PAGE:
With the new year comes a new Trump executive administration in command of an emboldened 241–194 majority in the House, 52–46–2 majority in the Senate, and a soon to be 5–4 majority in the Supreme Court. On the state level, 2017 begins with the GOP holding 36 of the 50 governorships and 69 of the 99 state legislative houses. Even though the last election cycle just ended, things could not be more dire for progressive grassroots mobilization in 2018.
This means there is a mountain of work to do for progressives, and one organization is on the right track. Left Up To US formed in March 2016 out of the Sanders campaign in Central Texas, where Bernie won Travis county. Left Up To US has created a niche role in the community by engaging citizens to take action and stand up for the direction they would like to see their government go. In preparation for the upcoming 85th Legislature, as well as impending progressive fights ahead, Left Up To US hosted a community workshop on January 8 on how to both register people to vote and lobby state legislators on citizens' issues.
More than 75 Volunteer Deputy Registrars were certified by the Travis County Tax Assessor/Collector, Bruce Elfant, who is fresh off his own victory of achieving 92.3 percent voter registration this past election cycle. These activists discussed plans for deep canvassing into low-voter-registration neighborhoods, and Elfant encouraged them to set up voter registration booths across town as well.
The event finished with a discussion with Texas State Employees Union lobbyist Harrison Hiner on how to effectively influence elected officials. Hiner laid out the state’s process of filing, debating, and passing bills and gave advice on organizing to participate in public hearings and making tactical visits to state offices at the Capitol.
This workshop's intent was to lay out the basic nuts and bolts of participating in state politics in simple, digestible terms, in many ways reminiscent of Hall of Fame NFL coach Vince Lombardi’s famous “This is a Football” speech to his '61 team. Six months earlier, the Green Bay Packers had squandered a lead late in the fourth quarter of the NFL Championship Game, losing to the Philadelphia Eagles.
After months of dwelling on the brutal loss, players were eager for advanced instructions on how to win a championship. But on the first day of summer practice, Lombardi had something completely different in mind. He assembled the team and with five words revealed his agenda. He held out the pigskin and said, “Gentlemen, this is a football.”
Lombardi stuck to an obsessive focus on the basics of blocking and tackling throughout the season, and his team went on to win the next season’s championship game against the New York Giants 37–0. Lombardi never lost a playoff game again.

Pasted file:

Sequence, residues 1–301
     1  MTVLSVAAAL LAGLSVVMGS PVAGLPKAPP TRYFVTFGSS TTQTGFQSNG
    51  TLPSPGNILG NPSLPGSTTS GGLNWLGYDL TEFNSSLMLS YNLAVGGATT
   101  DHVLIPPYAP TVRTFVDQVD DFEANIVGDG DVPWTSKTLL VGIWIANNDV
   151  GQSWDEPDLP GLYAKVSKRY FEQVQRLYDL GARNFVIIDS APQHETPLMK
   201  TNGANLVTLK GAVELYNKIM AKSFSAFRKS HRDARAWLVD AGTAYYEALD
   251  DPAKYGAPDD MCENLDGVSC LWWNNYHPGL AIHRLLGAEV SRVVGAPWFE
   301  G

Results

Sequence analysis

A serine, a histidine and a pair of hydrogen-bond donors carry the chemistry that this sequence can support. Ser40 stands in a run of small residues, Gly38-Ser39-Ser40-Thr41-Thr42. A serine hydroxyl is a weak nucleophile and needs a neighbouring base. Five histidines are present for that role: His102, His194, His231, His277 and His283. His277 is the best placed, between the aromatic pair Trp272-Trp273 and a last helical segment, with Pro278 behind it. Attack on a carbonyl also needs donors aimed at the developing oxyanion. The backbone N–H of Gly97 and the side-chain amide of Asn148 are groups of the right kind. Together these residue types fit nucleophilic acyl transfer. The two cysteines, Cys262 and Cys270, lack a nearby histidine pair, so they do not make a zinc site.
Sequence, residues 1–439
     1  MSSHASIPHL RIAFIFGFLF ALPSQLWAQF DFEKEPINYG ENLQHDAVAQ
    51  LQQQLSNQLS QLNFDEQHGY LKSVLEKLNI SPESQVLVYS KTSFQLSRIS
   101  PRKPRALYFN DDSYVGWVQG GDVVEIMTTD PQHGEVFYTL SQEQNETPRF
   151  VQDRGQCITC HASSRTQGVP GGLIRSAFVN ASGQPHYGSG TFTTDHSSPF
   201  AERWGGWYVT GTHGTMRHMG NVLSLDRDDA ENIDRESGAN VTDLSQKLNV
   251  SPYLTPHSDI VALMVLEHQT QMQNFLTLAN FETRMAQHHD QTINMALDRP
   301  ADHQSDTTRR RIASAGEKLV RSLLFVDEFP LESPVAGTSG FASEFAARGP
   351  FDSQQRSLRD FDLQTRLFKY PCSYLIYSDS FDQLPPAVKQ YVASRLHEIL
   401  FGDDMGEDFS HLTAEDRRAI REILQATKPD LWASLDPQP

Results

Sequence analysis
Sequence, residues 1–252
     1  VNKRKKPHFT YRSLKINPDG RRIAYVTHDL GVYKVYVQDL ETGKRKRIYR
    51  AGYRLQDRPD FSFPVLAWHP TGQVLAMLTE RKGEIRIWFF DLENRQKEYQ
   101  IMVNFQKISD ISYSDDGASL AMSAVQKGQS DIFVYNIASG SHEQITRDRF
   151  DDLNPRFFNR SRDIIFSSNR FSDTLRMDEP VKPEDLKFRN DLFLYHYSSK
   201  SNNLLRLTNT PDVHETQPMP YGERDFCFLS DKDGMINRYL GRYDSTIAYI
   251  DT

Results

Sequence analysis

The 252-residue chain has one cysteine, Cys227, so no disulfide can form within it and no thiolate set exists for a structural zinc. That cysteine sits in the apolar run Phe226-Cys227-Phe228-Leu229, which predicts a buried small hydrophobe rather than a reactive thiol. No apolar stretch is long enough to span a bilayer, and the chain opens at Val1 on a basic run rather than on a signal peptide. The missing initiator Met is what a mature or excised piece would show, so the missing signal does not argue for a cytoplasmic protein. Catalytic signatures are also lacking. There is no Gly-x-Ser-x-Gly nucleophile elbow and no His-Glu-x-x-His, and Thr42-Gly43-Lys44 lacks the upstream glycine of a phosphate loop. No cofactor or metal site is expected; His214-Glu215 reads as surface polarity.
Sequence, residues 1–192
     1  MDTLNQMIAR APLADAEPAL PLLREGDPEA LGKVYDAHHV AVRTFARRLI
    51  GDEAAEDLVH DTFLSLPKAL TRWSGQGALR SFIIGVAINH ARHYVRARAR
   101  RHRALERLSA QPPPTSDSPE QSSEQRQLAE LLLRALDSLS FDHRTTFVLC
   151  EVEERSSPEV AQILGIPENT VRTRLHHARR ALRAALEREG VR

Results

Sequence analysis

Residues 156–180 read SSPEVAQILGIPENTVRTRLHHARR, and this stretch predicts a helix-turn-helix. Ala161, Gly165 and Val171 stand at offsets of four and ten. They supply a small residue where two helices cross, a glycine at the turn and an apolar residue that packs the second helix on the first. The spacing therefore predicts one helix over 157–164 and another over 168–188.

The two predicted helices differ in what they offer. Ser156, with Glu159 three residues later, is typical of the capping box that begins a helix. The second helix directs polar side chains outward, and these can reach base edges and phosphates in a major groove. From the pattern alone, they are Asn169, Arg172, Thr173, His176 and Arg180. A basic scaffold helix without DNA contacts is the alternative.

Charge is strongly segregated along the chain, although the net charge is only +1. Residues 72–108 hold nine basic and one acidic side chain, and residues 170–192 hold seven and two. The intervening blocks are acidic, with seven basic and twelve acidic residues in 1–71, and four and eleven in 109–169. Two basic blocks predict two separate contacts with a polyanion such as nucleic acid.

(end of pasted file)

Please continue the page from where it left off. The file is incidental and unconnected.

If progressives in Texas can stick to the fundamentals of registering people to vote and showing up with more people to the polls, we can have our championship run too.
One Resistance: Thousands Stand Up Against Trump
by Glenn Scott, LUTU member
On Donald Trump’s inauguration day January 20, thousands of Austinites protested in the streets. Organizing the march and rally was a coalition of more than 40 community and labor organizations under the banner One Resistance. The march idea was initiated by city council member Greg Casar in conversation with a handful of community social justice activists the day after Trump’s victory at the polls November 8.
In the wake of the election, Casar reached out to several community leaders, including Sukyi McMahon, director of operations for the Austin Justice Coalition, a grassroots organization focused on local criminal justice reform; and Kandace Vallejo, founding director of Youth Rise Texas, which works with young people whose parents have been incarcerated or deported.
Of the first One Resistance meeting on November 9, McMahon said, ”There was a lot of venting, but then we picked ourselves up and started to work on carrying on the fight.” The meetings quickly grew in size, she said, and the December 1 planning meeting included representatives from 40 organizations.
McMahon credited Councilmember Casar for bringing together a broad range of activists who were working in marginalized communities. “He used his position to bring all these groups together,” she said.
Recalling the early stages of planning, Vallejo said, “We wanted to plan a public action that was family friendly and where people who felt under attack could feel safe.”
Vallejo said that the early group made it a priority to build a broad coalition. They reached out to the local labor movement and groups working on immigrant rights, women’s rights, LGBTQ rights, Muslim rights, environmental justice, and other civil and political issues.
McMahon said she was pleased with the planning committee’s process. “The preparation was robust and thoughtful. We developed our list of demands for marginalized people in a very collaborative way.”
Vallejo said she was proud of what the One Resistance march and rally, which drew over 5,000 participants, accomplished on January 20. They achieved the coalition’s goal, Vallejo said, to “reach out to those who were the most vulnerable to Trump’s agenda and to help them feel safe and to feel support from the Austin community.”